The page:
I’m feeling a twinge of nostalgia and homesickness, so I’m going to write about one of the most important wedding topics to Mr. Wallaby and I: family. Our families are near and dear to our hearts; we both come from very close-knit families and we spend as much time with them as we can. We have dinner with Mr. W’s family every Friday night. My parents live further away, but we make as many trips up to Seattle as we can, and my parents are great about visiting every few months. My brother goes to college in Houston, so I see him weekly, depending on his course load and social life.
Our families have started blending together—my parents and grandma flew to Houston last Thanksgiving to celebrate the holiday with Mr. W’s extended family, and we all had a blast. (My grandma even said it was the best Thanksgiving ever!) Then this past February, Mr. W’s mom and sisters visited my parents in Seattle, and we showed them the sights—and the trip culminated in a family ski trip. So, needless to say, I couldn’t wait for the family reunion at the wedding!
Wallaby Dad, me, Mr. W, W Sister H, W Sister R, Mama Wallaby, and MIL Wallaby, after an afternoon of skiing and sledding. Personal photo.
Last April, Mr. W, Wallaby Dad, and I rode a 180-mile bike ride to raise money for MS. Our families met us at the finish line to cheer us on. In this picture is my mom, my dad, me, Mr. W’s SIL, niece (the cutie snoozing in the stroller), brother, nephew, another SIL, MIL W, Mr. W, and FIL W. Wheww.
Mr. Wallaby’s family celebrating Sister H’s college graduation. Personal photo.
My family doesn’t take a lot of pictures. This is the most recent photo of all 5 of us, taken a couple years ago after my college graduation and my brother’s high school graduation. On the left is our sweet pup, Poseidon. Personal photo.
We love all of those guys to death. The challenge was how we would honor all of them in our wedding. All of the sibs are bridesmaids and groomsmen, but the only parent directly involved in the ceremony would be my dad, who walked me down the aisle. Mr. W and I knew we would give speeches during the reception to thank our families, but somehow that didn’t feel like enough.
Here are a couple other ways we considered including them:
1) Displaying pictures of other family weddings. We asked our parents to scan some of their wedding photos, and to dig up some old wedding photos from our grandparents and great-grandparents. These pictures are so precious, especially with so many family members who have passed away and couldn’t be present on our wedding day.
Our venue provided us with a “wedding wall” made of wood pallets to help divide the ceremony space and the reception space. Other couples who’ve tied the knot at Oak Tree Manor have hung engagement pictures and family wedding pictures from the “wedding wall,” so Mr. Wallaby and I planned to do the same.
2) Playing a few of our parents’ favorite songs. My parents are big Beatles and Beach Boys fans, so we knew we’d be jamming to a few oldies during the reception. We also asked a family friend—“DJ TJ,” as he’s informally nick-named by other Persian friends—to burn us a CD of popular Persian songs, knowing that this would get the Persian contingent on the dance floor. I also really wanted to find out what our parents’ first dance songs were and arrange for the DJ to play those songs.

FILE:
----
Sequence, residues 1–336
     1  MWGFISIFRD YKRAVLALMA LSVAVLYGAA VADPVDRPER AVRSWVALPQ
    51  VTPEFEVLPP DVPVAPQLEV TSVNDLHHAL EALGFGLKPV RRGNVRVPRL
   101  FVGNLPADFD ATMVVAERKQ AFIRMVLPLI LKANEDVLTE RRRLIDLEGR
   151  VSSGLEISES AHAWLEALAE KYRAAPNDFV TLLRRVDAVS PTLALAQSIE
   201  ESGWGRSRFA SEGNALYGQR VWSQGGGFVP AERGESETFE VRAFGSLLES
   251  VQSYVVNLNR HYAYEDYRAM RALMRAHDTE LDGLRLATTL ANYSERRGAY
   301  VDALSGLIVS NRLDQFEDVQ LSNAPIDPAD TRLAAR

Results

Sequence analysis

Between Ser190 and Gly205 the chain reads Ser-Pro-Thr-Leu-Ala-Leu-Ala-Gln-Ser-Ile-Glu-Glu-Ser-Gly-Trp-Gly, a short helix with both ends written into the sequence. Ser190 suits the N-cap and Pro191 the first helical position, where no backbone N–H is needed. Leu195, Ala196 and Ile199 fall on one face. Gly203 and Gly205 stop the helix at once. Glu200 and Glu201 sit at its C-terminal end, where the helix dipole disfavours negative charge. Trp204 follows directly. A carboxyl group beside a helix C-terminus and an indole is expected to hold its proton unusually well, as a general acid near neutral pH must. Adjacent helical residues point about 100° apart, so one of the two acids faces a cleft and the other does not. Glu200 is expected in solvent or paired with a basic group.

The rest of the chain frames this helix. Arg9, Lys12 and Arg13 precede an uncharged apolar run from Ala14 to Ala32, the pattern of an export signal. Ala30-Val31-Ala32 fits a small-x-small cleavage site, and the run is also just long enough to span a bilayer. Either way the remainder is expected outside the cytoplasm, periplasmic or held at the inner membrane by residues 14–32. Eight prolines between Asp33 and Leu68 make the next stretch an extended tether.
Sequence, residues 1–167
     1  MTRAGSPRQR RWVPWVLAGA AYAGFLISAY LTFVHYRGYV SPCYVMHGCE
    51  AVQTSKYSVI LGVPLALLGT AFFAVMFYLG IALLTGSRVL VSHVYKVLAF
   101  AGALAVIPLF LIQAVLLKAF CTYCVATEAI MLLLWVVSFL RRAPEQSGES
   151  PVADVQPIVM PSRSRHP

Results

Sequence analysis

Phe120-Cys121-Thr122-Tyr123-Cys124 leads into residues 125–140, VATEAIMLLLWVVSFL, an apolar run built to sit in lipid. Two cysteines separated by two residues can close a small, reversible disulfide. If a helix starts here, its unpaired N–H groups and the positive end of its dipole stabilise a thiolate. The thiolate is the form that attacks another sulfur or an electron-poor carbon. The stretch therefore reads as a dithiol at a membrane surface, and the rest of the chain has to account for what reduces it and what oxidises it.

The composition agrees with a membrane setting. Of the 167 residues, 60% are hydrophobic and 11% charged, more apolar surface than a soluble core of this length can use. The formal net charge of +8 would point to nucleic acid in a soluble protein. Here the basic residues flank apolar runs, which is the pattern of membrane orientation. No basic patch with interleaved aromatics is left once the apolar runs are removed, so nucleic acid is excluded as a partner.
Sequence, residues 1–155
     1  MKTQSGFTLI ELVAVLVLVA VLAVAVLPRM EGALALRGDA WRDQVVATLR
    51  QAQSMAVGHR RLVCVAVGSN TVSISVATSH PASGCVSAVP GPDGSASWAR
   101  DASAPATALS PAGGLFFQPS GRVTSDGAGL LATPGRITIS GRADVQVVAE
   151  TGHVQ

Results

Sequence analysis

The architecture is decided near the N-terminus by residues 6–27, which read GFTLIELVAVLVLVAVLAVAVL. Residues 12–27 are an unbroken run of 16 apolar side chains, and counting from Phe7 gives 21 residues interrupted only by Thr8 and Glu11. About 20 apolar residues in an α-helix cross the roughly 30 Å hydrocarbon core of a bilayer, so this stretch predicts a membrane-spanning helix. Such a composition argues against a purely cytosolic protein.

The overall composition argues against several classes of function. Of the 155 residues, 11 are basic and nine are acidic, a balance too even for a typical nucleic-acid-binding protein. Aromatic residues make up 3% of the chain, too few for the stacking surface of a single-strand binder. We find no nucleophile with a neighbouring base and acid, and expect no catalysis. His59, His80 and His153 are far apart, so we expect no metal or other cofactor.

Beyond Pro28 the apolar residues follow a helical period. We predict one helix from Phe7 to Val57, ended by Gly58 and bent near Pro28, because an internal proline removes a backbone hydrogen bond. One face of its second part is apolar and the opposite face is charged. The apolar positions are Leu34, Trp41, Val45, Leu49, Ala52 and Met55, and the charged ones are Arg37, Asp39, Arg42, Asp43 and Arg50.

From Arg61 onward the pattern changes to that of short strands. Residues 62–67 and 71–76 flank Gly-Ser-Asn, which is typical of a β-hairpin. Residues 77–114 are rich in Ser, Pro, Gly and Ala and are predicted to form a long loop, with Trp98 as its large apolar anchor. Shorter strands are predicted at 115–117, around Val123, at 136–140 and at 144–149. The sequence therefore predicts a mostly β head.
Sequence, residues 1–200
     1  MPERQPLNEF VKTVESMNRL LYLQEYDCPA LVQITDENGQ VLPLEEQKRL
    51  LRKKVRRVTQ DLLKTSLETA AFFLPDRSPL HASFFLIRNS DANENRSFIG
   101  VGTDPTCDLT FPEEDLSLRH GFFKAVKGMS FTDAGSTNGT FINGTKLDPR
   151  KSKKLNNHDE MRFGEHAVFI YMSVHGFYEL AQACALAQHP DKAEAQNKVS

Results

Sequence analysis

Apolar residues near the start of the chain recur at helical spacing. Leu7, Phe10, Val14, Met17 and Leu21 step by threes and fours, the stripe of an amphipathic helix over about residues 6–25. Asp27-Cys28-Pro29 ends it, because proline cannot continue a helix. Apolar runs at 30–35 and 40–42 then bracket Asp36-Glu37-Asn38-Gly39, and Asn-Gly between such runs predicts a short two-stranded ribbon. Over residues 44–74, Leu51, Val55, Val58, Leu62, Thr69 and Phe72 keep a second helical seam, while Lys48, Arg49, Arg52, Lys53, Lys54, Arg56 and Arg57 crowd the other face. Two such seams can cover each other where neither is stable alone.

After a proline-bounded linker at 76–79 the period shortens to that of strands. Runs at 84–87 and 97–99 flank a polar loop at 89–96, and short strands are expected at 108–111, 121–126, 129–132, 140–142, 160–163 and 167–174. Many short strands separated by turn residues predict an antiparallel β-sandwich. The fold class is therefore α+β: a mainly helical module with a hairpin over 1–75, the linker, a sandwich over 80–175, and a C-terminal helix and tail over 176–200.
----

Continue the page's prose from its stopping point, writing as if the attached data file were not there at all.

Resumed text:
3) I’m not a huge fan of unity candles, so I was thinking that instead of lighting unity candles during our ceremony, we could nail shut a wooden box containing a special bottle of wine for us to drink on our first anniversary. My grandma and late grandpa were wine aficionados, so my grandma could help us select a special bottle of wine for this occasion.
4) We did everything we could to involve our families in wedding planning. I suppose this is probably common, but nonetheless, it’s something very important to us. If my mom wanted something, then we made sure it would happen! (Case in point, the much-debated cake.) Mr. Wallaby’s mom, craftier than my own dear mama, took a lot of interest in the decorations, and she helped with a lot of the DIY projects we accomplished. Mr. Wallaby’s family also came with us to the tasting and to preview the venue before we booked it. We kept them up-to-date on the planning deets, too—they probably tired of hearing about the “W” word. Everyone stepped up to the plate and offered their help, and we couldn’t be more grateful.
5) We really wanted to do something special to thank our parents for their endless love and sacrifices they’ve made for us. They’ve been very supportive with every endeavor both of us have undertaken, and we’ve never really had an opportunity to thank them in a big way. So we would like to provide both sets of parents with some relaxation after the wedding…We’re thinking about buying them gift certificates to bed and breakfasts so they can have weekend get-aways together. For Mr. W’s parents, we’ve been researching B&Bs in the Texas Hill Country around Austin, and for my parents, we might go for a B&B in Banff, Canada, where my parents like to vacation now that they’re empty-nesters.
Mt. Gainor Inn, a beautiful B&B in the Texas Hill Country. Photo via BedandBreakfast.com.
A cozy accommodation at Mt. Gainor Inn. I would love for Mr. W’s parents to have a getaway somewhere this serene! Photo via BedandBreakfast.com.
Thea’s House, a B&B in Banff, Canada, where my parents could indulge in a post-wedding getaway. Photo via BedandBreakfast.com.
How are you honoring and involving your family on your wedding day?